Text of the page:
When Irish bars are smiling
Irish pubs have recently sprouted up all over the country. They do not signal a local yen for stout, but are the outcome of aggressive publicity and marketing
For a minute, you might forget where the Leon Bloom's pub is. If you try hard, you can even imagine that you were somewhere in Dublin. The Guinness is poured as it should be, slowly and in stages. The fish and chips are prepared just right. The furnishings are heavy dark wood, and the walls are lined with old-style posters of distilleries and breweries. A soccer match (on mute) is being shown on the TV screens that are spread about the pub, which is filled with the joyous din of groups of friends, most of them men. As in Ireland.
But the effort invested to make the pub look and feel like the real thing is immediately evident, in two conspicuous details: the servers' uniforms and the music. The waiters and waitresses wear identical uniforms emblazoned with the pub's logo in English, in an attempt to brand it as an authentic Irish pub. This is considered a quintessential sign of a tourist site or a chain based on a franchised formula; in other words, this is plainly not a local, family-owned, original pub. If one were to visit Ireland, this would be the sort of establishment you would not patronize.
But even more noticeable is the Irish music that blares out of the speakers without stop. Occasionally, you hear songs by Sinead O'Connor and U2, but mainly you hear the traditional Irish dirge of violins and flutes. And this is exceedingly unauthentic. Because the music that is generally played in your basic Dublin pub is pop. Britney Spears is a much more welcome guest there than any flute.
Leon Bloom's, the Irish pub that opened in April, is in the Ziv Towers shopping complex, which is in the Ramat Hahayal high-tech enclave in North Tel Aviv. Dublin, another Irish pub, which opened about a month ago, is in the center of the Herzliya Pituah high-tech and restaurant zone. Another pub by the same name, Dublin, opened last year in the Science Park high-tech zone on the outskirts of Rehovot. The Irish pub Temple Bar, which opened in late 2003 and is named for a bustling downtown neighborhood in the real Dublin, is situated in the Cinema City mall at the Glilot intersection. Murphy's opened four months ago in the Arena mall in Herzliya. Only Molly Bloom's, the first Irish pub, the pub that heralded the new trend in Israel four years ago, is located on a city street in the middle of Tel Aviv.
Drink before thirst
At first glance, we have before us a bizarre and curious cultural phenomenon. Suddenly, people are rushing to Irish pubs, which are sprouting up one after another in shopping malls and along the urban periphery. As if this opportunity has been wanting in these parts, as if there had been a perceptible thirst for the thick black brew, the famed Irish stout - and for the drinking culture that goes along with it.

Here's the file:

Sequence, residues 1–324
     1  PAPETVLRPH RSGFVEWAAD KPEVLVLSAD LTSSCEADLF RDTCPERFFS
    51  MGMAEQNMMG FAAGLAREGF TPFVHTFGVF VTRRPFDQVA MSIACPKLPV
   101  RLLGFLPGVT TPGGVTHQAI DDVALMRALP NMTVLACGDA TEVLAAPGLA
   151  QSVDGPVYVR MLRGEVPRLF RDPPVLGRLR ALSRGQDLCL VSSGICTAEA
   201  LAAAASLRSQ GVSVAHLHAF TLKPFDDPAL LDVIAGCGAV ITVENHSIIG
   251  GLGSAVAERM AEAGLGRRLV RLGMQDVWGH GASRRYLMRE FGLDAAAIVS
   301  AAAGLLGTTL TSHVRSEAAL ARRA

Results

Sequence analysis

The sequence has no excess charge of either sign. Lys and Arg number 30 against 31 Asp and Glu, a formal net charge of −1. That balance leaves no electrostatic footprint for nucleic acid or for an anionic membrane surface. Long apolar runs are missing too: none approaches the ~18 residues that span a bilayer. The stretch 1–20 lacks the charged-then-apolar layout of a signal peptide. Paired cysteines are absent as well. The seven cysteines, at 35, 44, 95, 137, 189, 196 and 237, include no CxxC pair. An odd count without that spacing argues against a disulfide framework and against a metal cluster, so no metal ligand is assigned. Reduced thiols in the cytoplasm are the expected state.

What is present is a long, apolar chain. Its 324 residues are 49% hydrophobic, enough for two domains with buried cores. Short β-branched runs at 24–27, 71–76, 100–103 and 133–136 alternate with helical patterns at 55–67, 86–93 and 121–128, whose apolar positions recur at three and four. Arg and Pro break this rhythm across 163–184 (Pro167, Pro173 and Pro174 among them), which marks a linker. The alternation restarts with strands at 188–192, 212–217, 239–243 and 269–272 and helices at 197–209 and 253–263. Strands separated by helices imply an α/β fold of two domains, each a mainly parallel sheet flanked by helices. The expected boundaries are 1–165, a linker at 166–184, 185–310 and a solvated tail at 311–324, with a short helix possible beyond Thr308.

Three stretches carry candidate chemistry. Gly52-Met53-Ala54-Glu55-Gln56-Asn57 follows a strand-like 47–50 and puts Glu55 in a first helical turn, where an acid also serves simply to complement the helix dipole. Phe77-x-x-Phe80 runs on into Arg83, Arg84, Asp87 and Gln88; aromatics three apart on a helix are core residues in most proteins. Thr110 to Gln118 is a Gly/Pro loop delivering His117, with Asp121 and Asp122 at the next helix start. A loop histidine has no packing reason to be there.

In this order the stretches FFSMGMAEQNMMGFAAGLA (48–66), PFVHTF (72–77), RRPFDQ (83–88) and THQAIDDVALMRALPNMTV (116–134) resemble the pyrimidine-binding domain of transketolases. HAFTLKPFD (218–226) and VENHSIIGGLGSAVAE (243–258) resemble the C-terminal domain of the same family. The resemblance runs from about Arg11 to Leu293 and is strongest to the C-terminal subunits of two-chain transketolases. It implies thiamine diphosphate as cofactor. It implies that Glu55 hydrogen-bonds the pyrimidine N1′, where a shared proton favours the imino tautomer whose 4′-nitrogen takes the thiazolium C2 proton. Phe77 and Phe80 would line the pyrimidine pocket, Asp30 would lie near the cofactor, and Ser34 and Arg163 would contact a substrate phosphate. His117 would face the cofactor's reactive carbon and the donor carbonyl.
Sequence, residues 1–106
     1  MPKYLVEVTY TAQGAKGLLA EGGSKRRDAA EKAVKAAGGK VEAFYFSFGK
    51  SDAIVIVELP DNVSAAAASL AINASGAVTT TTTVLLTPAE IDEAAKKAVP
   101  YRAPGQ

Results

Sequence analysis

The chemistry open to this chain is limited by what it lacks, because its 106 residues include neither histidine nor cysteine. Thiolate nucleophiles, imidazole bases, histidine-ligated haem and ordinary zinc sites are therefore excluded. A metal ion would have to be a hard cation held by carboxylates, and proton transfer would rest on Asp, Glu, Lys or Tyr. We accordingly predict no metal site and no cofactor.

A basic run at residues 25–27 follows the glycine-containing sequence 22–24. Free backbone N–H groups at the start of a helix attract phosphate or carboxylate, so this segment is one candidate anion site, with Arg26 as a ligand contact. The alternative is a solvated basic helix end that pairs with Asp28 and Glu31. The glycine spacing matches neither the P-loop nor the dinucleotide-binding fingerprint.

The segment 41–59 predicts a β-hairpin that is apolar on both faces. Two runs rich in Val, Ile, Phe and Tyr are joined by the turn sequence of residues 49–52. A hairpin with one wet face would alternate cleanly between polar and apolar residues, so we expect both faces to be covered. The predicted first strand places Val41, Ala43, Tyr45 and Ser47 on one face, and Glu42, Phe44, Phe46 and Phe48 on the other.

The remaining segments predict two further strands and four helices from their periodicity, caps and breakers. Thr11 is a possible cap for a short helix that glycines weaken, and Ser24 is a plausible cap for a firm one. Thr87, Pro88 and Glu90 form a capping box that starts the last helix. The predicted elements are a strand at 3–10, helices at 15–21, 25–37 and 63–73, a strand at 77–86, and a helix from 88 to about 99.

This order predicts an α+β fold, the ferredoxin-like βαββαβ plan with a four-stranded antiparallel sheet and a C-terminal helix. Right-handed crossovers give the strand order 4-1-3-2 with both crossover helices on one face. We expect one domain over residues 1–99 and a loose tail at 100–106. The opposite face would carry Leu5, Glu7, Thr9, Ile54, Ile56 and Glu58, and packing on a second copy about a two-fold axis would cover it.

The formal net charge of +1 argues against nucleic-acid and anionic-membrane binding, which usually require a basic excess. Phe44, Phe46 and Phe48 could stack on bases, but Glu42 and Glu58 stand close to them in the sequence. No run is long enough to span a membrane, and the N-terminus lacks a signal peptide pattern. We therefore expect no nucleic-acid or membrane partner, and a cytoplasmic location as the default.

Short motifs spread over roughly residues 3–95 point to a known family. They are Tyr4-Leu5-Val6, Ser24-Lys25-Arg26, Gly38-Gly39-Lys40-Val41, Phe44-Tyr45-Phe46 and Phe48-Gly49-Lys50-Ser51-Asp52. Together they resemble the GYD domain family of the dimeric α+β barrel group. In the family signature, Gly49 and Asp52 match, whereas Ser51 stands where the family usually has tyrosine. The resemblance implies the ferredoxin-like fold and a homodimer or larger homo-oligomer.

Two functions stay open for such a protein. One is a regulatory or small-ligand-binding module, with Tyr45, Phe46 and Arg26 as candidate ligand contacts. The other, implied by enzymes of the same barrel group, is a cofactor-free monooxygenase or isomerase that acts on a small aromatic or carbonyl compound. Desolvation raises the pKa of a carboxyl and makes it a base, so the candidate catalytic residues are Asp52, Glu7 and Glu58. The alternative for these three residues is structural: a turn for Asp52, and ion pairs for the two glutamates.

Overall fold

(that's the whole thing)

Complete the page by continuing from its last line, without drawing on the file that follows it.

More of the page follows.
Someone has come along and spotted the niche, and the demand is now being met. But it seems that sometimes drink comes before thirst, and then generates the thirst. In other words, it was the marketing that created the demand, and not the opposite. Because more than the burgeoning Irish pub market in Israel indicates a local craving of Irish culture, it embodies the competition between the local Coca Cola bottling company, which has imported Guinness beer to Israel since 1996 through its subsidiary Israel Beer Breweries, and Tempo, which since 1999 has imported Murphy's beer, which is itself owned by Heineken.
In a round of visits to the Irish pubs one night last week, all of the establishments were bustling. At Dublin in Herzliya Pituah, a few customers were drinking standing up, the tables were filled, and an Irish-Israeli band called Kahol (Blue), led by Uri Miles, was blasting get-up-and-dance Irish music. Nevertheless, the predominantly older, family-oriented crowd's interest seemed to peak when a member of band began a rhythmic darbouka beat (for a few minutes, Oriental sounds mingled with the Gallic inflections), but the bottom line is that everyone seemed to be enjoying the pure Irish melodies. In the marketing world, they call it an attraction.
The patrons are apparently not deterred by the forced decor: walls covered in tiles in the style of ancient castles, with inlaid "Gothic" stained-glass windows; and a large wooden arch suspended in the middle of the room solely for decoration. Atmosphere - the key word in the new marketing trend - prevails, and there is an impressive variety of beers on tap, and the grub is good. Everything is happy.
An Irish band is also playing at Temple Bar, the lively pub at Cinema City. A momentary bewilderment: things feel decidedly American as one enters the mall. Huge statues and posters of Marilyn Monroe, Elvis Presley, John Wayne and Fred Astaire welcome the new arrivals to a glittery, shimmering sanctuary of cinematic celebration. You cross through the Hollywood commotion and suddenly, there in the middle of the mall, is something different: wooden furniture, dim lighting, white foam on black brew, partitioned booths, melancholy music - we've arrived in Ireland. Then you remember the big Irish immigration to America and things begin to settle down in your imagination - your imagination is enlisted in the tough task of marketing - and then everything is okay.
Murphy's has two major attributes that differentiate it from the other new Irish pubs in Israel: The pub doesn't sell Guinness and barely plays any Irish music. "We decided to emphasize British rock with occasional touches of Irish music," says Saguy Evron, an owner of the pub. "We found that you can take traditional Irish music for half an hour, but no more. Even in pubs in Ireland they don't play Irish music all day long, if at all."